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Ovarian drilling

Mr Amit Shah, Mr Anil Gudi, & Prof Roy Homburg

Laparoscopic ovarian drilling (LOD) is a procedure used for the treatment of infertile women who have polycystic ovary syndrome (PCOS).

When the first cases of PCOS were first described in 1935 by Stein and Levanthal, the treatment they suggested was to remove a wedge-shaped section of each ovary. They thought at that time that this would release eggs that were “trapped” in these ovaries. Although we know today that this explanation was not correct, the operation helped and ovulation was frequently seen and pregnancies ensued. The problem was that while solving the problem of no ovulation the operation frequently caused a mechanical problem (adhesions) which did not allow the egg to meet the sperm. For this reason the operation was dropped but in the meantime it was realized that the reason for its relative success was the reduction in the mass of the polycystic ovary. The modern method to achieve this, through a laparoscope, is to reduce the amount of follicles and tissue in the polycystic ovaries by “drilling” them with diathermy or laser. The holes, 4-10 in number in each ovary, are small and superficial but enough to produce ovulation and pregnancy in more than half of these women within 12 months. Those most suited to this one-off operation are of normal weight and having high levels of luteinising hormone (LH).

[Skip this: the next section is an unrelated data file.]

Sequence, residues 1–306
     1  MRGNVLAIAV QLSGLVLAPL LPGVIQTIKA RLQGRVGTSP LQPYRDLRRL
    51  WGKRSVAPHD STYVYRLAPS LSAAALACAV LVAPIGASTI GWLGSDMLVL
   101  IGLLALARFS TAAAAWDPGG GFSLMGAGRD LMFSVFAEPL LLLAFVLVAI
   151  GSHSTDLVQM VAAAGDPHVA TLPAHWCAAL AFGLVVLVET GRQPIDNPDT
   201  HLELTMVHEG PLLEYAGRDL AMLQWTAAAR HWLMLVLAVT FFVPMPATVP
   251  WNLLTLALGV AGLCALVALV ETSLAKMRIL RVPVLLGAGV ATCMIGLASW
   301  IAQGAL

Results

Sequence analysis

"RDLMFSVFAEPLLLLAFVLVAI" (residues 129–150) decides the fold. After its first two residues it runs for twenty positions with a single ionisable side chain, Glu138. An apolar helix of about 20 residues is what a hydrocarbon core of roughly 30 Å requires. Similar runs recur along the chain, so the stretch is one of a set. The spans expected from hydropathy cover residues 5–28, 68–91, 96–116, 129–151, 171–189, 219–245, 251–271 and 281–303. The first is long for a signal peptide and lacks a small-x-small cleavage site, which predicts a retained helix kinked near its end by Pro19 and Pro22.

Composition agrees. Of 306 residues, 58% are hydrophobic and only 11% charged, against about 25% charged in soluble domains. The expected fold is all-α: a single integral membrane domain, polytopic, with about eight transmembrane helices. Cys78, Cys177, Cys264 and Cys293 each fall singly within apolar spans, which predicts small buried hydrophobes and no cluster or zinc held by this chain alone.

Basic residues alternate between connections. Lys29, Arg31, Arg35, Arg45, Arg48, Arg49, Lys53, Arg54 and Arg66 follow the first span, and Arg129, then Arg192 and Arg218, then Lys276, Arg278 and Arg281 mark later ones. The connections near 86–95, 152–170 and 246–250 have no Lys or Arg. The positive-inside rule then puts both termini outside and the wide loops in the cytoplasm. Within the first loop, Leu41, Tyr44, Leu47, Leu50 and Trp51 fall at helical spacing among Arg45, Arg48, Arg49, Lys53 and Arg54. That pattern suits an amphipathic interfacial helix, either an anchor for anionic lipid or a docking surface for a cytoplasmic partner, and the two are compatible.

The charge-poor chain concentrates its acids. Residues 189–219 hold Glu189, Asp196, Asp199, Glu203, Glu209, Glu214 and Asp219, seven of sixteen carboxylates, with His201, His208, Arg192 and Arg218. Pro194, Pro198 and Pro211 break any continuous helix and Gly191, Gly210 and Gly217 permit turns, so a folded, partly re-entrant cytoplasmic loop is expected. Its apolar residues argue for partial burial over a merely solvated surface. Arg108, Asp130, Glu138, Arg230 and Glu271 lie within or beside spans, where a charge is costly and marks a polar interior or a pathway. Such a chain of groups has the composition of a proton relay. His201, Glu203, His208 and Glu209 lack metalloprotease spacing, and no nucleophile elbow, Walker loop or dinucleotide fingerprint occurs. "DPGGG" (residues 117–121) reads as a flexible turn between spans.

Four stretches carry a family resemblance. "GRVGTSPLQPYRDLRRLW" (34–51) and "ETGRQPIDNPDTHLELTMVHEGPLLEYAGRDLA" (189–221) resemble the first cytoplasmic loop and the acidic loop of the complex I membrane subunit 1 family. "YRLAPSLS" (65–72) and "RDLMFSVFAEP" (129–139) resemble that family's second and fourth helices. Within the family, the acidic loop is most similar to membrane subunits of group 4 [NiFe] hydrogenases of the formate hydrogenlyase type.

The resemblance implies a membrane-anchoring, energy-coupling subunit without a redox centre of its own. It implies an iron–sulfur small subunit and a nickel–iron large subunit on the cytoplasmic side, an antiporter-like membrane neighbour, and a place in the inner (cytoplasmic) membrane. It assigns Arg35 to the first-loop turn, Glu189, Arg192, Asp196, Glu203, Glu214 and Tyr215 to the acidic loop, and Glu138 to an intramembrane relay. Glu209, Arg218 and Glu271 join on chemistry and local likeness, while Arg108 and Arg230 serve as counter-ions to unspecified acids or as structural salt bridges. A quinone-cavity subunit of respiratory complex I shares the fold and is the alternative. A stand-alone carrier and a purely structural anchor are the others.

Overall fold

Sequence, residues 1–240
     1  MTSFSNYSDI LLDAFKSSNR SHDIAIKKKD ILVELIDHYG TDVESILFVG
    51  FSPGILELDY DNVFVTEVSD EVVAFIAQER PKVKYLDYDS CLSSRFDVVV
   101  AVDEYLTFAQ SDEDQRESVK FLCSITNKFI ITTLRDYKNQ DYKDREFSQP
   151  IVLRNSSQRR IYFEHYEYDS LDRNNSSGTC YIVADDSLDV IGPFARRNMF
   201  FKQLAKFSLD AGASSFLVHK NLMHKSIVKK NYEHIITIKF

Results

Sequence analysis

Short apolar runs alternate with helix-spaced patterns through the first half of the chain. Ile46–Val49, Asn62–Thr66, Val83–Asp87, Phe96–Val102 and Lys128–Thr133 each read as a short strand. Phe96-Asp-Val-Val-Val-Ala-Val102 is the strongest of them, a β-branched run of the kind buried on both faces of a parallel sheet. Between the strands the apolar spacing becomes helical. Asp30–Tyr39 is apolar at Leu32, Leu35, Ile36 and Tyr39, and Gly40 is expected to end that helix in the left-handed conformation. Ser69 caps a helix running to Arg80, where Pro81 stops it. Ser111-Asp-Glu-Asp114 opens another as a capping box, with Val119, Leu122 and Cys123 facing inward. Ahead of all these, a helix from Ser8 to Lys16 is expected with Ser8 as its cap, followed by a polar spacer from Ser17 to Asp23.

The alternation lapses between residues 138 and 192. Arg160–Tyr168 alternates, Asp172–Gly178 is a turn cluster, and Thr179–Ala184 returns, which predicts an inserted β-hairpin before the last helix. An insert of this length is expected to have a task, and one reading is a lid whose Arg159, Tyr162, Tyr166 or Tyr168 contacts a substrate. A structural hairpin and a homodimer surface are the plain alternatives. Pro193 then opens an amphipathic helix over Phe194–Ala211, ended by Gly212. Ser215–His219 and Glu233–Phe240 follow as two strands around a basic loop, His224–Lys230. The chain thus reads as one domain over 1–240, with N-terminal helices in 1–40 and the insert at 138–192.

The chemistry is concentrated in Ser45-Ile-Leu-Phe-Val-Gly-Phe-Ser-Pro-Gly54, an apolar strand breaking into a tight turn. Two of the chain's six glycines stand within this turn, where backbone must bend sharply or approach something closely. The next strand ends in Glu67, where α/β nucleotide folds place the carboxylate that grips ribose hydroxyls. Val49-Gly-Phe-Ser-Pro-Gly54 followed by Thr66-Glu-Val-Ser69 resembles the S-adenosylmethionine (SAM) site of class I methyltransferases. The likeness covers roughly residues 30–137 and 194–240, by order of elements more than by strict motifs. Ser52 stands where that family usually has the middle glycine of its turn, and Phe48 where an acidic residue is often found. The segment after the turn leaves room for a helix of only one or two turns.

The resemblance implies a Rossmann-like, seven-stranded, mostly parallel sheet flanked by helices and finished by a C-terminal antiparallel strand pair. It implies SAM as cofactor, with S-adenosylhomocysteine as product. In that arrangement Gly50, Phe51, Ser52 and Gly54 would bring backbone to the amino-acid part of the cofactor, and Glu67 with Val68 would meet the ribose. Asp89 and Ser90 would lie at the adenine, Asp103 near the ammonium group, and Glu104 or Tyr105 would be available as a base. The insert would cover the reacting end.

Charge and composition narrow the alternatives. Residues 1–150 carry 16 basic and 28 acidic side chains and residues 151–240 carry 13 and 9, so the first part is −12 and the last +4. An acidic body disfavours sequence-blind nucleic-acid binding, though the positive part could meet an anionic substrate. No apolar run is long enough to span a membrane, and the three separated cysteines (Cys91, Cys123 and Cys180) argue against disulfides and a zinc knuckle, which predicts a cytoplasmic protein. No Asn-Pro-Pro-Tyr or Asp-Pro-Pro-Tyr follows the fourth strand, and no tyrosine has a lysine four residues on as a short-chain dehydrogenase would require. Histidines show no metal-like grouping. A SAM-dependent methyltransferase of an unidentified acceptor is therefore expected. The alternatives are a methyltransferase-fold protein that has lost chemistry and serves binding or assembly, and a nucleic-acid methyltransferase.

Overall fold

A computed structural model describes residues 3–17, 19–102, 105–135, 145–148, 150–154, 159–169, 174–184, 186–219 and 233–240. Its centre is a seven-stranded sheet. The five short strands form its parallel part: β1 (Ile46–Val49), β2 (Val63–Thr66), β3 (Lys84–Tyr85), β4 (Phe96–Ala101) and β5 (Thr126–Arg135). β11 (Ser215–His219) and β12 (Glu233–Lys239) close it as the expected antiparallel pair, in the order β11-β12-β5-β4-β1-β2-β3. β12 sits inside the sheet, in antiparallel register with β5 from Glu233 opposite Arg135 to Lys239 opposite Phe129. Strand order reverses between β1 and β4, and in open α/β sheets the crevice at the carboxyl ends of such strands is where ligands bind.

If ovulation has not resumed within 3 months of the operation, first clomifene and then FSH may be used and excellent results may be expected even if there was no response to these methods to induce ovulation before the operation. In the right hands, complications are minimal and the chance of interfering adhesions small. Although LOD produces an improvement in the abnormal hormone levels of PCOS, this operation should be employed for curing infertility only for those who have not responded to other treatment and are suitable candidates and not for the treatment of other symptoms of PCOS.

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